Russia bars more European officials from entry over Navalny sanctions

Russia bars more European officials from entry over Navalny sanctions
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Russia’s foreign ministry on Tuesday barred more European officials from entering the nation in response to sanctions imposed by the European Union (EU) over the poisoning of Russian opposition leader Alexei Navalny. 

According to The Associated Press, the sanctions came in retaliation for EU sanctions imposed on six Russian officials and a state research institute in October. 

On Tuesday, Russia’s foreign ministry released a statement calling the EU sanctions “a confrontational political decision,” adding that Russia was expanding “the list of representatives of EU member states and institutions who will be denied entry to the Russian Federation.”

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Although the foreign ministry did not indicate which EU officials or how many would be banned, it added that the officials include “those who are responsible for promoting anti-Russian sanctions initiatives.” 

This comes a day after Navalny, a longtime opponent of Russian President Vladimir PutinVladimir Vladimirovich PutinClinton lawyer's indictment reveals 'bag of tricks' Hillicon Valley — Facebook 'too late' curbing climate falsities France pulls ambassadors to US, Australia in protest of submarine deal MORE, released a recording of a phone call he said he made to an alleged state security operative. In the recording, the man revealed some details of the operation, saying a nerve agent was planted in Navalny’s underpants. 

The Kremlin on Tuesday denied this account, with Dmitry Peskov, a spokesperson for Putin, saying on a conference call that he personally believed Navalny to be mentally unstable.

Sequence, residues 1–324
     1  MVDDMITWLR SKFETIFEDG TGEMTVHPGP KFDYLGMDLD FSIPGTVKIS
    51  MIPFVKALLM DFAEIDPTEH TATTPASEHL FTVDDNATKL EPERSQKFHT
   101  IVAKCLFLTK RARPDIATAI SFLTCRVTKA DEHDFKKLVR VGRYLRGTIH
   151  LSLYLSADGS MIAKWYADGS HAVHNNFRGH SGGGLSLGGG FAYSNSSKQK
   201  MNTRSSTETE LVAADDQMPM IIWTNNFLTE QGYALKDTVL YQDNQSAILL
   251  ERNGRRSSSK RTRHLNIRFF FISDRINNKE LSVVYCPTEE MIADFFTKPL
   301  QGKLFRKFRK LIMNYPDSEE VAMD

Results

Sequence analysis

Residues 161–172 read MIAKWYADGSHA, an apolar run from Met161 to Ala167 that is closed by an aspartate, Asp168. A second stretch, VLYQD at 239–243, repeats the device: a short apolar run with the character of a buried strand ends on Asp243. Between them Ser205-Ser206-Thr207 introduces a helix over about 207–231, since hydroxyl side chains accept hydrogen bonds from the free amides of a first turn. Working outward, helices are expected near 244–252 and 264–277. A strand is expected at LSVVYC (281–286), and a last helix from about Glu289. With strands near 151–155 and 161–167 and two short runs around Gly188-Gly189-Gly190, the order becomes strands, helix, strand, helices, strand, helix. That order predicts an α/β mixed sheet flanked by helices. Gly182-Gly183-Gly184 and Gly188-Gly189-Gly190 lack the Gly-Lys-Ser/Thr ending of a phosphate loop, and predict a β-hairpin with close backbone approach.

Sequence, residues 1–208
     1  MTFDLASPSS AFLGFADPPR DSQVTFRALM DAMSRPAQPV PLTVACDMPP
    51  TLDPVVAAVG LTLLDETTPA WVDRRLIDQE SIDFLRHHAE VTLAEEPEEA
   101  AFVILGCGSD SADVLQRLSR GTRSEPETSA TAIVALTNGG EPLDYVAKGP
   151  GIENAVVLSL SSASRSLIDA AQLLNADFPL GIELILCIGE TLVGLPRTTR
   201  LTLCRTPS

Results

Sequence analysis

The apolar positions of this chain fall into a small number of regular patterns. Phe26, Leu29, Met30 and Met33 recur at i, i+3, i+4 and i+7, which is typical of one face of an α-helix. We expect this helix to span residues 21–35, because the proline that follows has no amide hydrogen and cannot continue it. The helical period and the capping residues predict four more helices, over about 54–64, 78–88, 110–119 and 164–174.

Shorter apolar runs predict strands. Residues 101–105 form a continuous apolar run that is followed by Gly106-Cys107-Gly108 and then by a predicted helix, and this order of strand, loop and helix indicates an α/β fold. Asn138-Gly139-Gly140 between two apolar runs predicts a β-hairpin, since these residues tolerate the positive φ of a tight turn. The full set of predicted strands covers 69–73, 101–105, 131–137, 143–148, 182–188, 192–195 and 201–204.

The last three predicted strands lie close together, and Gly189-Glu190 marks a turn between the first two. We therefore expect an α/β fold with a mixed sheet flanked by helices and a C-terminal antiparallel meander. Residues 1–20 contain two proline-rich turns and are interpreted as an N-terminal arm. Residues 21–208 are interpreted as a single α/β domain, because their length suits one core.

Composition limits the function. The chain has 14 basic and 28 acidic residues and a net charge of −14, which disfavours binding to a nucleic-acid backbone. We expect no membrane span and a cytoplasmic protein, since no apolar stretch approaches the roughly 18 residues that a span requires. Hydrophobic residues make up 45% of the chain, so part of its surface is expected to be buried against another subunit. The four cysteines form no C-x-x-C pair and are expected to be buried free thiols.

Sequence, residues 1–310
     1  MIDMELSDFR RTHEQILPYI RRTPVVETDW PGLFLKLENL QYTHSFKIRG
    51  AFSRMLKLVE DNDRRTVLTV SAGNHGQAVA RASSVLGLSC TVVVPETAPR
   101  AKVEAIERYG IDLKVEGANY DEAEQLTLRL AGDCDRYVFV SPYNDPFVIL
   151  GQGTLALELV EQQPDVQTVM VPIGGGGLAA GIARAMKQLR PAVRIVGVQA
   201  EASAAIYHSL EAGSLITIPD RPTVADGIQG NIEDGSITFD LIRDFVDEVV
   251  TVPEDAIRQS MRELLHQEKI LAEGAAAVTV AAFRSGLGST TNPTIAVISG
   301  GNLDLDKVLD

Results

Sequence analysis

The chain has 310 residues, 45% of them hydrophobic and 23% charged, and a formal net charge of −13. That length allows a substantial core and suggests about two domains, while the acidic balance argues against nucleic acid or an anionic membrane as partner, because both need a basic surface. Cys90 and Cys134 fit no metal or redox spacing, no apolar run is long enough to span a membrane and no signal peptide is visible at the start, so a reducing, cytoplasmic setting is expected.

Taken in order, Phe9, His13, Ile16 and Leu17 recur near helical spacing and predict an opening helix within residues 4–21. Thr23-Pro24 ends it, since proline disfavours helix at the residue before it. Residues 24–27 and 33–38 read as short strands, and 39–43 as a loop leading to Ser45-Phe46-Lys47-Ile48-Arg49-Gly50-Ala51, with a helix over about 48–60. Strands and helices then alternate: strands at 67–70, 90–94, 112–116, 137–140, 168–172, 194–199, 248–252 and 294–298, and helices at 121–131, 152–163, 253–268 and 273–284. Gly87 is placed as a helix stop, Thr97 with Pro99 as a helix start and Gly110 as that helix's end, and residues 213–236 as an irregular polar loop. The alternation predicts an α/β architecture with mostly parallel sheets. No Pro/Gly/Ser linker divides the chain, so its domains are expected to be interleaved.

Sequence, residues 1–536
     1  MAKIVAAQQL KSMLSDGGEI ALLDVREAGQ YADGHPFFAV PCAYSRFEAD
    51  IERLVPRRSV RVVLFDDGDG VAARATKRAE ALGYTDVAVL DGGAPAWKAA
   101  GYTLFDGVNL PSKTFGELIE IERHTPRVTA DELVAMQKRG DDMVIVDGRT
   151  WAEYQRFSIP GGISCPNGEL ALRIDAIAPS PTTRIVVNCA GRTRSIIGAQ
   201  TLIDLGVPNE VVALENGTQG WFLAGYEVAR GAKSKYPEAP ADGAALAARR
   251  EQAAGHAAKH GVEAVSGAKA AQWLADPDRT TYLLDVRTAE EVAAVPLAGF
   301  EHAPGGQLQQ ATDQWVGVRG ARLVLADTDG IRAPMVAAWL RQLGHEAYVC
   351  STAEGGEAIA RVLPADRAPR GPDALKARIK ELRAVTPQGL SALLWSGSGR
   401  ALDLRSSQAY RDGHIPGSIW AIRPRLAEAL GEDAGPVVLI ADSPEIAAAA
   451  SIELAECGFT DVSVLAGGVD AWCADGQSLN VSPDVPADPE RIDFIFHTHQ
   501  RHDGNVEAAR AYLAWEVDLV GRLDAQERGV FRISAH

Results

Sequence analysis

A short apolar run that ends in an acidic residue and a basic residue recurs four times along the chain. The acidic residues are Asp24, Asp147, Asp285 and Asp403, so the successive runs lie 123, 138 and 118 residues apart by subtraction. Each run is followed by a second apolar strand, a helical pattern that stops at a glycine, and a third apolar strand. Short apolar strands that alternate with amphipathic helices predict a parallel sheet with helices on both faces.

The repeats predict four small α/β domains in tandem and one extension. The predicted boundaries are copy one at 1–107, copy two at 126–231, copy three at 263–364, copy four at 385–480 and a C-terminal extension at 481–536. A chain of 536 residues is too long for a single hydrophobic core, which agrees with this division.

In August, Navalny fell sick during a flight in Russia and was flown to Berlin for treatment. Labs in Germany, France and Sweden, and tests by the Organization for the Prohibition of Chemical Weapons, found that Navalny was exposed to a Soviet-era nerve agent, Novichok.

The AP reported that the German foreign ministry had been notified that Russia issued entry bans against “German government agencies,” though no further details were provided.

The ministry told the AP that while it has seen similar retaliatory measures by Russia in the past, it still considers such moves “unjustified.” 

Russia has repeatedly denied involvement in Navalny’s poisoning, with Russian Foreign Minister Sergei Lavrov suggesting last month that the opposition leader could have been poisoned in Germany or while on the plane for treatment.

Last week, Putin continued the country’s denials, saying during his annual press conference that if Russian agents wanted Navalny dead, they would have “probably finished it.”